Home / News / Local / SEC has paid N30m to investors of failed market operators — Gwarzo

SEC has paid N30m to investors of failed market operators — Gwarzo

Director General of SEC, Mounir Gwarzo
Director General of SEC, Mounir Gwarzo
Director General, Securities and Exchange Commission (SEC), Mr. Mounir Gwarzo, Wednesday, disclosed that over N30 million had been paid to about 530 investors of failed companies in the capital market under the National Investor Protection Fund (NIPF) scheme.
The NIPF was launched by commission last year following growing complaints by market investors who couldn’t recover monies invested in bankrupt companies.
The N5 billion-fund is to provide temporary succour to investors who are paid between a minimum of N5,000 and maximum of N200,000 in the event of any failure instead of losing out completely.
Speaking in Abuja at the opening of a two-day workshop on Capital Market Laws, Ethics and Judicial Interpretation for Superior Court Judges which was organised by the commission, Gwarzo said the measure was among other things aimed at boosting investor confidence in the capital market.
He said: “When we launched the national investor protection fund last year in Lagos, we said we’d complains with respect to a particular operator; they collected people’s money and refused to pay them.”
According to him:”Part of the essence of the Fund is to find a way and means that we can temporarily alleviate thesufferings of those investors; not necessarily to pay the investor what he or she had actually lost but to temporarily give the investor some amount of relief and we’ve paid over N30 million to about 530 investors.”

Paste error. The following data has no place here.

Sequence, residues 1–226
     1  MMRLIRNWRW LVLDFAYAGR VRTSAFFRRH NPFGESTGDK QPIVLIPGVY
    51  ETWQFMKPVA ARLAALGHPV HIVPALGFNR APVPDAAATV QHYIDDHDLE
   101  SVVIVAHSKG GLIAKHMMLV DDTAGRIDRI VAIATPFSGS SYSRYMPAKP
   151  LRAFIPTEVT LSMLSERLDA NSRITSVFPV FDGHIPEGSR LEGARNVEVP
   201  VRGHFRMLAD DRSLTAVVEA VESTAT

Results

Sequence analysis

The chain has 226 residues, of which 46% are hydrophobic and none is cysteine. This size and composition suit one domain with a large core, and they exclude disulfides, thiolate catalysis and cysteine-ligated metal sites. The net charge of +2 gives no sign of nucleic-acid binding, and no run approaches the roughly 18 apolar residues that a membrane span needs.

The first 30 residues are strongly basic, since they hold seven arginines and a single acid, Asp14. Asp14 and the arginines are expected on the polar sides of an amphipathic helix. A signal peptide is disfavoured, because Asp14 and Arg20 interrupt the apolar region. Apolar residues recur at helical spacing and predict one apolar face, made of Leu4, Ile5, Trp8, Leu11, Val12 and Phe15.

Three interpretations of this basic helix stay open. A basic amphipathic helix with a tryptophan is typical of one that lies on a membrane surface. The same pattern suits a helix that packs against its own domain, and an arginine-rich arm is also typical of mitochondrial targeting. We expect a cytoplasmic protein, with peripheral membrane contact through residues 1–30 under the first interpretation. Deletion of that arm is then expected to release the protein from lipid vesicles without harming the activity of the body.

The SEC boss further explained that the commission’s partnership with the judiciary has become inevitable to strengthen market investments.
He said the workshop sought to establish “An excellent collaboration between the regulator and also the judiciary because you can’t down lay the essence of the judiciary especially in terms of investor protection. Investors would be very comfortable that when they invest in the market and they are not able to get what they want, that they have recourse to finding a way and means that their issues can be resolved and the only way such thing can be done is when both the capital market and the judiciary are on the same page.”
He said: “The judiciary needs to understand the workings of the capital market and the capital market also needs to understand the workings of the judiciary-and this is the essence of the collaborations, for us to understand each other better. We’ve been having this programme in the past but for the past four years, Maeve not had it-but we found it very pertinent that we should come together with the judiciary and ensure that we are on the same page.”

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